This may at first glance seem like an odd Black Friday post, but bear with me. When I was at Dallas, I remember seeing several students carrying around Thomas Oden’s 3 volume systematic theology. He even came for a lectureship about the early African origins of Christianity (which you can read more about here). I was loosely interested in reading his systematic one day, but as you can see it’s kind of pricey.
Just a couple of years ago, it was republished in a single volume, and titled Classic Christianity. $36 is much more manageable than $88 and at least you get it all in one book.
Now, the question I imagine you’re asking is, (and the post title helped stimulate) just what is classic Christianity?
Well, let’s let Oden answer that a bit for us, as well as explain how his approach differs from other systematic theologies.
Right off the bat, he tells us what’s up:
My basic purpose is to set forth an ordered view of the faith of the Christian community upon which there has generally been substantial agreement between the traditions of East and West, including Catholic, Protestant, and Orthodox. My intent is not to present the views of a particular branch of modern Christian teaching, such as Roman Catholic or Reformed, but to listen single-mindedly for the voice of that deeper consensus that has been gratefully celebrated as received teaching by believers of vastly different cultural settings, whether African or Asian, Eastern or Western, sixth or sixteenth century.
I’ve heard this called “paleo Orthodoxy,” but classic Christianity works just as well. In working his original 3 volume work into this single volume, Oden affirms his 3 original commitments:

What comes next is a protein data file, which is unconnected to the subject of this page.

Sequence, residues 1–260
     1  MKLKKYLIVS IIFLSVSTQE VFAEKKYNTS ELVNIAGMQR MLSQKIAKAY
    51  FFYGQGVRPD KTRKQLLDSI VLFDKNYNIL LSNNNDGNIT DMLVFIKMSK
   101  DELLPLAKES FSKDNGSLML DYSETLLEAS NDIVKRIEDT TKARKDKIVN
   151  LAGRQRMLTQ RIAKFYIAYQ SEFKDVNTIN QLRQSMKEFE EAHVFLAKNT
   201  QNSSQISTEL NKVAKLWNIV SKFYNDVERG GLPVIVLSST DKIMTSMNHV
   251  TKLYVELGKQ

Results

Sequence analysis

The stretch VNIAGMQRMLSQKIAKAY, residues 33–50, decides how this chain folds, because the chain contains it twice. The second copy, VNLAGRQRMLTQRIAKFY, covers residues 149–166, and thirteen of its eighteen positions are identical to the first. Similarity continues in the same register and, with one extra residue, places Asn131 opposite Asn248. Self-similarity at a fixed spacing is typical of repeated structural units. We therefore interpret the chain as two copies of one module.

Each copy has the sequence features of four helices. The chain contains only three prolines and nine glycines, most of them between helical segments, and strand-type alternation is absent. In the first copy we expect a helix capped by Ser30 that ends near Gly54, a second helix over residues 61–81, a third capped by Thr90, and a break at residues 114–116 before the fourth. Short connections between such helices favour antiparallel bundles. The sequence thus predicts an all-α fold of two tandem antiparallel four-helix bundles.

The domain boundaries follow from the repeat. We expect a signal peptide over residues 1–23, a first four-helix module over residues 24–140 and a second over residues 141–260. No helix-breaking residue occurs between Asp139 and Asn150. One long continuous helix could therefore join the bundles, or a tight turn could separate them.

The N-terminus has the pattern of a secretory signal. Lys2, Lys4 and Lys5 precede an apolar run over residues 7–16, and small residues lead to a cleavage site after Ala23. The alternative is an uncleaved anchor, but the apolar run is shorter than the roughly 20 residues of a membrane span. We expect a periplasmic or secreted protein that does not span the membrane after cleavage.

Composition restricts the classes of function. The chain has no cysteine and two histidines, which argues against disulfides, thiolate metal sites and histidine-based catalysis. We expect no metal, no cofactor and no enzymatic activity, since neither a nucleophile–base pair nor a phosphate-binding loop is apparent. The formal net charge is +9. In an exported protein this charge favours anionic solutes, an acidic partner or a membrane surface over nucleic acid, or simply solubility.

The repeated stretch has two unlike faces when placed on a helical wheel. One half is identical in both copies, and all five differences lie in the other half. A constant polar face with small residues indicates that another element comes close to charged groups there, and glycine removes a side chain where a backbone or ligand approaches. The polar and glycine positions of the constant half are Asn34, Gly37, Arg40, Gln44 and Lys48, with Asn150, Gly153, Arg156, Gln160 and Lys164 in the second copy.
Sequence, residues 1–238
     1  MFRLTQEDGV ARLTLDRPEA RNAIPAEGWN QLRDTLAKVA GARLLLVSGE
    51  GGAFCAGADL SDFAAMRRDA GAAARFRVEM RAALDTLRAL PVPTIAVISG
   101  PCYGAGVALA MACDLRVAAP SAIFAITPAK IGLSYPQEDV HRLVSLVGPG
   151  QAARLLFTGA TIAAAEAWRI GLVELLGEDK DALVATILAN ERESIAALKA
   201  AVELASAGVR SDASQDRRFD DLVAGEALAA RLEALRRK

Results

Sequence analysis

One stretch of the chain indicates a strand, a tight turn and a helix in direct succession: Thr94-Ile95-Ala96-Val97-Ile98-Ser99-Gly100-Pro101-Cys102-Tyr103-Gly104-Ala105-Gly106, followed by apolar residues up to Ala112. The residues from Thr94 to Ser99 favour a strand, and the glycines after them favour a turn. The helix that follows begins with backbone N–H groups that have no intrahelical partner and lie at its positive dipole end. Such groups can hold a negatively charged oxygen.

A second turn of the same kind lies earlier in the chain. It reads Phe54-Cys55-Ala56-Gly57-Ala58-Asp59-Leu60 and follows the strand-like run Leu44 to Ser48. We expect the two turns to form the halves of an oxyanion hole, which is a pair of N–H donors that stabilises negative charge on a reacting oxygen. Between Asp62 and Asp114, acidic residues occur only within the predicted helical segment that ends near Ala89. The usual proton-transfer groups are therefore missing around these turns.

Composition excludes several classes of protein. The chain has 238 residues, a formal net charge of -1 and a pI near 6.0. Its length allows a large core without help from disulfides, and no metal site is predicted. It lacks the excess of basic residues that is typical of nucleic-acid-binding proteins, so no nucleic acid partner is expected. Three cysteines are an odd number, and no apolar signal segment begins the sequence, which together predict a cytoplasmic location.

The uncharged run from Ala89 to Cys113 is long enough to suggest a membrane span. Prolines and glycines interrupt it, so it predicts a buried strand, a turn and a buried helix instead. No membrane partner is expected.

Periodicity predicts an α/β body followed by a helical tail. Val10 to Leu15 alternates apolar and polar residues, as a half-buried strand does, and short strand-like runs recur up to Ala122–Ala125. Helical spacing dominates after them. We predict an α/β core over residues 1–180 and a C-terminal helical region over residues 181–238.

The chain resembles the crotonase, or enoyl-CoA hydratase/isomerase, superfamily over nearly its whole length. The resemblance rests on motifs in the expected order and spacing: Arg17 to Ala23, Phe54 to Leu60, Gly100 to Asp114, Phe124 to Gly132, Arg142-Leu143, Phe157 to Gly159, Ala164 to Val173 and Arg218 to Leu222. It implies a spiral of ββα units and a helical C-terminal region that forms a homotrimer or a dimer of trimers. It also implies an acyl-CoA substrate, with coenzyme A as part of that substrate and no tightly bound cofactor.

- to make no new contribution to theology
- to resist the temptation to quote modern writers less schooled in the whole counsel of God than the best ancient classic exegetes
- to seek quite simply to express the one mind of the believing church that has been always attentive to that apostolic teaching to which consent has been given by Christian believers everywhere, always, and by all. This is what I mean by the Vincentian method (Vincent of Lérins, Commonitory).
Essentially, Oden promises us sheer unoriginality. In pursuing this, Oden offers a lot of parenthetical citations supporting the statements he makes (I haven’t seen a footnote yet and the book flows really well). As he explains, “My criteria for textual citations need to be candidly stated. I have preferred citing:
- biblical texts with clear teaching values, rather than those containing ambiguities or requiring clarification of complex historical conditions and assumptions;
- the most widely received classical teachers rather than ancillary or nonconsensual exhibits;
- earlier rather than later classical writers;
- and those writings that most clearly reflect ancient apostolic teaching rather than those dealing with special viewpoints and controversial themes.”
In doing this, Oden strives for clarity, precision, and cohesion, which eliminates the need for technical phrases. From what I’ve read so far, he’s nailing it.
I could go on explaining why Oden’s approach in this systematic theology is a welcome addition to most libraries. Oden himself goes on for quite some length in his introduction explaining his method in collating the classical consensus concerning orthodox Christian theology.
But, you should probably just click the link below and get a copy for yourself. At $3.79, you’re not really out that much if you decide you just don’t like it. So far, I’ve been impressed, and will work my way through it slowly over the next however-many months. Along the way, you can look for quotes and the like. I’d love to read along with you though, so if you do pick it up, let me know and let’s read it in community (digital or live if you’re in Orlando!).
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